On the walls of the Chapter venue were placed photographs of the twenty-six members of the General Administration who had passed away since the beginning of the Institute.  Afterwards twenty-six additional photographs provided a memorial to the more recently deceased: Brothers Angelicus, Columbanus, Candidus, Pierre Joseph and Dalmace.  The added photographs brought the number to thirty-one.

Chapter Events

The Chapter, which was to run from May 16 to 23, opened with a retreat preached by Father Balmès O.M.I.  On May 24, anniversary of the first election and feast of Mary Help of Christians, Brother Diogene was re-elected by a substantial majority of votes.  To the great satisfaction of the whole Chapter, the Holy See’s approval, required as it was for the re-election, was sent by telegram on the very evening of the day on which the approval was requested.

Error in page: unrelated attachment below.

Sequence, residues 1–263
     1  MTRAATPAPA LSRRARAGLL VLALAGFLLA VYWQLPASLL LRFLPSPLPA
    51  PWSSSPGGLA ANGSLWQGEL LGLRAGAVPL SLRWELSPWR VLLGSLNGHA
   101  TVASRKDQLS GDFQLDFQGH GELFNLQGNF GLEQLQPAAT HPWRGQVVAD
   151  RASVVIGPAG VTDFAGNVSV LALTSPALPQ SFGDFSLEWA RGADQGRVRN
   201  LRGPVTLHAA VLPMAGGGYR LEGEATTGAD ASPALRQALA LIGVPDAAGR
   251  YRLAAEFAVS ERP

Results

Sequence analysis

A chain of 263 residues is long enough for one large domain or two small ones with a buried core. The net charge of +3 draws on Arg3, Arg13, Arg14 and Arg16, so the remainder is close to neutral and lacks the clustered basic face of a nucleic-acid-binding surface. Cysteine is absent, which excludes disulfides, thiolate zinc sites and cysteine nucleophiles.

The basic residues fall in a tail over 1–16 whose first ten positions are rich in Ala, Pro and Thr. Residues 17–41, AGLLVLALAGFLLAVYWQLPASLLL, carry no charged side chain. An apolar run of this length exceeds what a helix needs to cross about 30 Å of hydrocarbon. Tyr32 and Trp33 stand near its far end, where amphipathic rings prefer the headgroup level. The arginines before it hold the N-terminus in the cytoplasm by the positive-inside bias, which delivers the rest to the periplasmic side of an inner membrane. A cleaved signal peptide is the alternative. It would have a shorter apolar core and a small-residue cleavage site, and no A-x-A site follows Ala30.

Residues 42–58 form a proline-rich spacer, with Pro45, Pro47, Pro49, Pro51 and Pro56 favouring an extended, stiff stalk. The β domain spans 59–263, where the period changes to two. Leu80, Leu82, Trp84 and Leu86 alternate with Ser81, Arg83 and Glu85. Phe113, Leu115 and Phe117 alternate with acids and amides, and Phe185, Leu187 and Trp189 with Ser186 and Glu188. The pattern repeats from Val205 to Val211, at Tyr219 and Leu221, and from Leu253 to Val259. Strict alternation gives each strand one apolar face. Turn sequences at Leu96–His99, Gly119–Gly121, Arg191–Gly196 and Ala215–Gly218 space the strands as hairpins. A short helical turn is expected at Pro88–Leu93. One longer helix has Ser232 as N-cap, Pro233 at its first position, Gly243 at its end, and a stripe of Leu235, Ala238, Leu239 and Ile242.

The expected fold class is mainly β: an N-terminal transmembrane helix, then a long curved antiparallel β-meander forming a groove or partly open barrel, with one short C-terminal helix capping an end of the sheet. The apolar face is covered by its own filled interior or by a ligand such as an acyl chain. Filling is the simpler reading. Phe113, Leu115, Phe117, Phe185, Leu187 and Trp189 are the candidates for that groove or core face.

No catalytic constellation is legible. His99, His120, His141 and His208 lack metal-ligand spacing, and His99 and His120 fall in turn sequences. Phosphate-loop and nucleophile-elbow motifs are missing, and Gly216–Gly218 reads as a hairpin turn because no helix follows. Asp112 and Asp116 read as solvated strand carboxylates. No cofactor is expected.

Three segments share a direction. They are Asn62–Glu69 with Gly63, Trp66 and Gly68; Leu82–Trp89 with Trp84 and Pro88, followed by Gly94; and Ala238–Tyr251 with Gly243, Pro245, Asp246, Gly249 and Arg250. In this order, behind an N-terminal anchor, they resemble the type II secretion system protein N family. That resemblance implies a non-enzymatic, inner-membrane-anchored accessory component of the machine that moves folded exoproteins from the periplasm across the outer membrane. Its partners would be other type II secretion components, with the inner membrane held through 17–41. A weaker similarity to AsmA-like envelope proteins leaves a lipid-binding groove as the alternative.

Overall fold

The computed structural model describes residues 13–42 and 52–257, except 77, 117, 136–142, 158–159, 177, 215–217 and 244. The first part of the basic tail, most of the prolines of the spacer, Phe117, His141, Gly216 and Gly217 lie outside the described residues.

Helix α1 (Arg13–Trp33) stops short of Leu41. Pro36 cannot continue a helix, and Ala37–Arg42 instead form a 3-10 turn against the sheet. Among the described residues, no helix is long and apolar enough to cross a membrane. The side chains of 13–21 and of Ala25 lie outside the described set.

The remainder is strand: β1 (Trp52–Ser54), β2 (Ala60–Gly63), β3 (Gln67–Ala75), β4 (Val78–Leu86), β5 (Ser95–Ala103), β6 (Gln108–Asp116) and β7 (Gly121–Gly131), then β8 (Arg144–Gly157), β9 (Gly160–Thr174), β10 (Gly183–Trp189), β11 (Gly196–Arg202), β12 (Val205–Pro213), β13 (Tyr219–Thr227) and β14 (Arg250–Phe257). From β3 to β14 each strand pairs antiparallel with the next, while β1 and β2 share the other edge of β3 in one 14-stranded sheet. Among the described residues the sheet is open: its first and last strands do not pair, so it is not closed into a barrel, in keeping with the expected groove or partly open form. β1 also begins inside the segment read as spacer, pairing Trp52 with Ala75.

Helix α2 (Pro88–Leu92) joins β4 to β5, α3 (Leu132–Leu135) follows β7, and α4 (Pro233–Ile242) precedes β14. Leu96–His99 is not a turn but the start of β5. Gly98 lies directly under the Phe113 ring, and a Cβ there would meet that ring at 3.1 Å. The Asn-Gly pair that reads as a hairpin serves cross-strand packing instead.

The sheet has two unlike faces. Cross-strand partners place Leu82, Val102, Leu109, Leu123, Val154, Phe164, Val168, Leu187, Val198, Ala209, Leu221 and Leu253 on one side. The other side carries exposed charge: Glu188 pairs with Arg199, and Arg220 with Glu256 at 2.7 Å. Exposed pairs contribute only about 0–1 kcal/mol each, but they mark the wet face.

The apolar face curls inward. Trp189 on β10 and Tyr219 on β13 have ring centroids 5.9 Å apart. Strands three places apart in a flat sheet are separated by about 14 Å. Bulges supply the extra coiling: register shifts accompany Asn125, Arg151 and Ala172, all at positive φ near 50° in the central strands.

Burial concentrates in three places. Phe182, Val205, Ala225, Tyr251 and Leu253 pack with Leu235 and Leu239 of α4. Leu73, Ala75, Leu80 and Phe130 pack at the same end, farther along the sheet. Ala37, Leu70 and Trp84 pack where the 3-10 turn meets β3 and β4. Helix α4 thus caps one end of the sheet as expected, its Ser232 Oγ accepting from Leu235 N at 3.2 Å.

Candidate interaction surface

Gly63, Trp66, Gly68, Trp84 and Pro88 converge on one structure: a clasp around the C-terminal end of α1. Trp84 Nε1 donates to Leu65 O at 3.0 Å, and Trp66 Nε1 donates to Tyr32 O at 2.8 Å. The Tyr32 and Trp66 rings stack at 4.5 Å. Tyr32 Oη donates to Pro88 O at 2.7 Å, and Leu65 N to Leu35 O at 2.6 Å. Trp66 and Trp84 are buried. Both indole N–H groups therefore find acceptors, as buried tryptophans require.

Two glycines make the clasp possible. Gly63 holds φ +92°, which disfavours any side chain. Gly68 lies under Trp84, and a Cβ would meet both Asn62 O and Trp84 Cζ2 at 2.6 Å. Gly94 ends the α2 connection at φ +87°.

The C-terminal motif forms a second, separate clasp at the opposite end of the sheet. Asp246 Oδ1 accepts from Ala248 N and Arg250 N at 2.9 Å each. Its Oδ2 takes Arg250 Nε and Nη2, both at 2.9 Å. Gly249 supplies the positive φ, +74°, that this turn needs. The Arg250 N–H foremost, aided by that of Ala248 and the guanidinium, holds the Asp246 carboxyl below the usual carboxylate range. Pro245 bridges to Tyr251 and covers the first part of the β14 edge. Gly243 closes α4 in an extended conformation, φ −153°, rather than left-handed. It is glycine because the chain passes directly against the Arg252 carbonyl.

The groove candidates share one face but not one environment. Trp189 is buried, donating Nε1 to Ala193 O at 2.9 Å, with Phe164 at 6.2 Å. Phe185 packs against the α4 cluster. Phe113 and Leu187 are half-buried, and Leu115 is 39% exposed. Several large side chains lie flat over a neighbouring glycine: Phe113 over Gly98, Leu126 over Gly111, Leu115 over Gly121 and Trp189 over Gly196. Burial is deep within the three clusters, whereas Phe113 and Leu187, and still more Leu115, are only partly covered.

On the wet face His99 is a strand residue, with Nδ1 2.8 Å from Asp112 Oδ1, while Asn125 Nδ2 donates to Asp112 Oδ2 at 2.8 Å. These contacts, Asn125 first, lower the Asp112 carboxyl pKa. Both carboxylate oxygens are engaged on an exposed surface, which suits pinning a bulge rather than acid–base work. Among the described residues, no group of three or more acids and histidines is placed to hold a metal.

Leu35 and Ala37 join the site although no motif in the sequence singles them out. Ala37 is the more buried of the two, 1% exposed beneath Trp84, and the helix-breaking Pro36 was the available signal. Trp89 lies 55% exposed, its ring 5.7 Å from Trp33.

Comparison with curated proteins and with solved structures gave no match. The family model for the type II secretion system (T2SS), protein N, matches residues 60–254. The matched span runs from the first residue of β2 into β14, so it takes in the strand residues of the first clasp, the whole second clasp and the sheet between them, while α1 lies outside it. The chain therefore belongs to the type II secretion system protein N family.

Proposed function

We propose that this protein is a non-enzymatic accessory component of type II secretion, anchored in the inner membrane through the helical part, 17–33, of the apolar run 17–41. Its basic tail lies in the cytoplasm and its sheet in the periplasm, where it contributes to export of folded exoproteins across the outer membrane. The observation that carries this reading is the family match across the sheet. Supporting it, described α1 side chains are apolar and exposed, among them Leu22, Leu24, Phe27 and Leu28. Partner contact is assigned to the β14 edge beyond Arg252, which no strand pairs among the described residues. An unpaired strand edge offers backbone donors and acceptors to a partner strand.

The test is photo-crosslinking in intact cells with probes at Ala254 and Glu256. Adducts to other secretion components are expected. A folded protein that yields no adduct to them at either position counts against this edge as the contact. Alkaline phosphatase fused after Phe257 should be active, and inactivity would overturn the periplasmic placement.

The formal announcement of the election was made on May 25.  “Thereupon, a representative of each Institute language offered a brief word in honor of the newly-elected.  The speakers with each one’s corresponding language were: French, Brother Constantien, dean of the  Provincials; English, Brother Germanus;  Brother Sixto, Spanish;  Brother Marie-Chrysophore, Portuguese; Brother Raffaele, Italian; German, Brother Joseph-Vérius; Chinese, Brother Marie-Nizier;  Brother Henri-Gustave, Flemish; Brother Nicostrato, Catalan.   Several other speeches were made, bringing the total number of tributes to fourteen.  In each case, Brother Superior General (speaking or understanding almost all these languages, Chinese apart) offered a gracious word of response in French.»